Energy & Environment

Farm bill pays high dividends for people and the environment

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The Agriculture Adjustment Act, also known as the farm bill, provides crop payments, insurance subsidies and loans to many American farmers. However, fewer recognize that the bill has a much wider scope that includes forestry, energy and conservation programs.

A new report called, The State of the Birds 2017: A Farm Bill Special Report, highlighted how this strategic federal investment not only supports the livelihoods of farmers, ranchers, and forest owners, but also protects critical ecosystem services and biodiversity.

{mosads}The most recent farm bill is set to expire in 2018 — something that could have enormous consequences for the environment. Although less than 5 percent of farm bill funds have been directed towards conservation programs in its Title II provisions, the bill stands as one of the most important sources of conservation funding in the U.S. and is the largest directed towards the private lands that comprise two-thirds of the land area in the lower 48 states.


Programs include the well-known Conservation Reserve Program (CRP) along with others like the Environmental Quality Incentives Program (EQIP), Conservation Stewardship Program (CSP), Agricultural Conservation Easement Program (ACEP), and Regional Conservation Partnership Program (RCPP).

While the public rightly worries about threats like tropical deforestation rates in Brazil and Indonesia, most people don’t realize that rates of habitat loss in our nation’s Western corn belt were shockingly comparable. But the farm bill has been helping to change that.

Cases drawn from The State of the Birds 2017 report illustrate just how transformative the farm bill has been for conserving wetland, grassland, and forest habitats and the more than 100 bird species that use them. For example, in the Prairie Pothole Region, waterfowl populations have increased by 37 million birds between 1992-2011.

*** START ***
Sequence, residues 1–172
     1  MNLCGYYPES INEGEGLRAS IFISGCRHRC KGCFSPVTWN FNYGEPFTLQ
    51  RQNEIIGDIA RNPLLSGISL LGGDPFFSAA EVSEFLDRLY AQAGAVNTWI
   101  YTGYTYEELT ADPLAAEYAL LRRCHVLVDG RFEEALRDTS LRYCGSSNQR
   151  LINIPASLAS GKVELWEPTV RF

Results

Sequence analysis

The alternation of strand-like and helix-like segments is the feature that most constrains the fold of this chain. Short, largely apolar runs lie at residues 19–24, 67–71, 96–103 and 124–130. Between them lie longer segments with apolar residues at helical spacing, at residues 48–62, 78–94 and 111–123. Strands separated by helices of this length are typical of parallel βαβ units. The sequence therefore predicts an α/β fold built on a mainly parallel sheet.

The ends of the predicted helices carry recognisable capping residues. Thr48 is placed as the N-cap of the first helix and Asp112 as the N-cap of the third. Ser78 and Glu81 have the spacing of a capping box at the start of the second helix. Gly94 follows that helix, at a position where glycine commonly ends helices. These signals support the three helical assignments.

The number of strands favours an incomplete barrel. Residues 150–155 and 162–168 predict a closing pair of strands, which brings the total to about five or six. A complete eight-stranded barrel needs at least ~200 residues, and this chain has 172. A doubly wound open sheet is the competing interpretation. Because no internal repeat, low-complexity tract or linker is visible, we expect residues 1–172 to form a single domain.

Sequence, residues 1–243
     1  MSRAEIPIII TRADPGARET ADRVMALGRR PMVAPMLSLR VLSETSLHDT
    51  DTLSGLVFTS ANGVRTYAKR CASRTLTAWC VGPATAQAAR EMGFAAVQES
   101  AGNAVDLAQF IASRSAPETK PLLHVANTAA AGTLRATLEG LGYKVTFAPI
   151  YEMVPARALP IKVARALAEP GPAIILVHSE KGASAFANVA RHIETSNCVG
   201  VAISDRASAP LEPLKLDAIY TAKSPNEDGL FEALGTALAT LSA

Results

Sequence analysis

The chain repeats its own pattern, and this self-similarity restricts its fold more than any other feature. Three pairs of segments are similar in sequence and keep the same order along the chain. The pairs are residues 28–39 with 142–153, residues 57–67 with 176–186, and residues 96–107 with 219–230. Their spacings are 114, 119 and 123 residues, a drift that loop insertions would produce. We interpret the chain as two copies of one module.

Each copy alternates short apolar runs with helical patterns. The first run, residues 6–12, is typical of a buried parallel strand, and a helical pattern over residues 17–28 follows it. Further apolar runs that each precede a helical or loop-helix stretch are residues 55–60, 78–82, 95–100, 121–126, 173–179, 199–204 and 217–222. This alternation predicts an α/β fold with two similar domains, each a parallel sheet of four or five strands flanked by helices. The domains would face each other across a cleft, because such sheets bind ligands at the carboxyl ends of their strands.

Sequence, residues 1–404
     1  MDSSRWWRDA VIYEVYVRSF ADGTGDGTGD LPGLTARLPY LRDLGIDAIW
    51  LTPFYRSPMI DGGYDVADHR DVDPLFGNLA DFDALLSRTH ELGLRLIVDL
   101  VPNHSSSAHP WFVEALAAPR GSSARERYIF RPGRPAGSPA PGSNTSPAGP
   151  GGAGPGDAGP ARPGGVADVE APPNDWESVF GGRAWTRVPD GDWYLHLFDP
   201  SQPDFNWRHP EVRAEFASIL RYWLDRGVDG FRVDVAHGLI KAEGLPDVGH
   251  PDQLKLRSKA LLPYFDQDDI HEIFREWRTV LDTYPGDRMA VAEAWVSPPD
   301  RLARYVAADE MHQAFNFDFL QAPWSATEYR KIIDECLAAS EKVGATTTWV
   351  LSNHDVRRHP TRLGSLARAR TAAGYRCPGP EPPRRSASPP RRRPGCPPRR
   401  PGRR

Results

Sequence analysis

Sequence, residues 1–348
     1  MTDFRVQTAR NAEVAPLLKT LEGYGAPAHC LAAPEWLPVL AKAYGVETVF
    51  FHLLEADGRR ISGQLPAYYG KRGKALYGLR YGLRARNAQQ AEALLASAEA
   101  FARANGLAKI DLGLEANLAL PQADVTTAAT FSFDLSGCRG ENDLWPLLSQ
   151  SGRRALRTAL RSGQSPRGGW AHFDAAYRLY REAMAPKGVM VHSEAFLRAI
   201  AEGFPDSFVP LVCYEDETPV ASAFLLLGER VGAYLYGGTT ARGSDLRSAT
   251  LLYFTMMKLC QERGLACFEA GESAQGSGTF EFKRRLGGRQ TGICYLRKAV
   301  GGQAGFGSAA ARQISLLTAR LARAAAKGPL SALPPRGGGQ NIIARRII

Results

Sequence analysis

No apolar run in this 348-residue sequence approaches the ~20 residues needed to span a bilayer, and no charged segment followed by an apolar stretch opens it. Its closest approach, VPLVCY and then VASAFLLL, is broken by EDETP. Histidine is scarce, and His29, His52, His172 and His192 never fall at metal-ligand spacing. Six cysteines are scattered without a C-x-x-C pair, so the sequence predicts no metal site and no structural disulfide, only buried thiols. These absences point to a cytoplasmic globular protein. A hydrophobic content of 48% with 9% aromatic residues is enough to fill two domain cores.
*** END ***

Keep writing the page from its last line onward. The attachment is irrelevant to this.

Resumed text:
That increase isn’t only good for birds; it’s good for people too. Healthy waterfowl populations help generate $430 million annually from hunting and bird-watching activities in the region. The same is true for the Mississippi Alluvial Valley, where farm bill wetlands provide more than one-third of the food energy available to waterfowl. In fact, the addition of wetland easements to the farm bill in 1990 helped to reverse — and raise by a factor of 6 — population trends for waterfowl across the U.S.

The farm bill’s voluntary, incentive-based programs also benefit our nation by averting costly measures associated with the listing and recovery of federally threatened and endangered species under the Endangered Species Act. Looking at one highly controversial species in recent headlines — the Greater Sage-Grouse — farm bill programs already have protected over 5 million acres of sagebrush habitat and, as such, substantially contributed to the decision not to list the bird as federally endangered.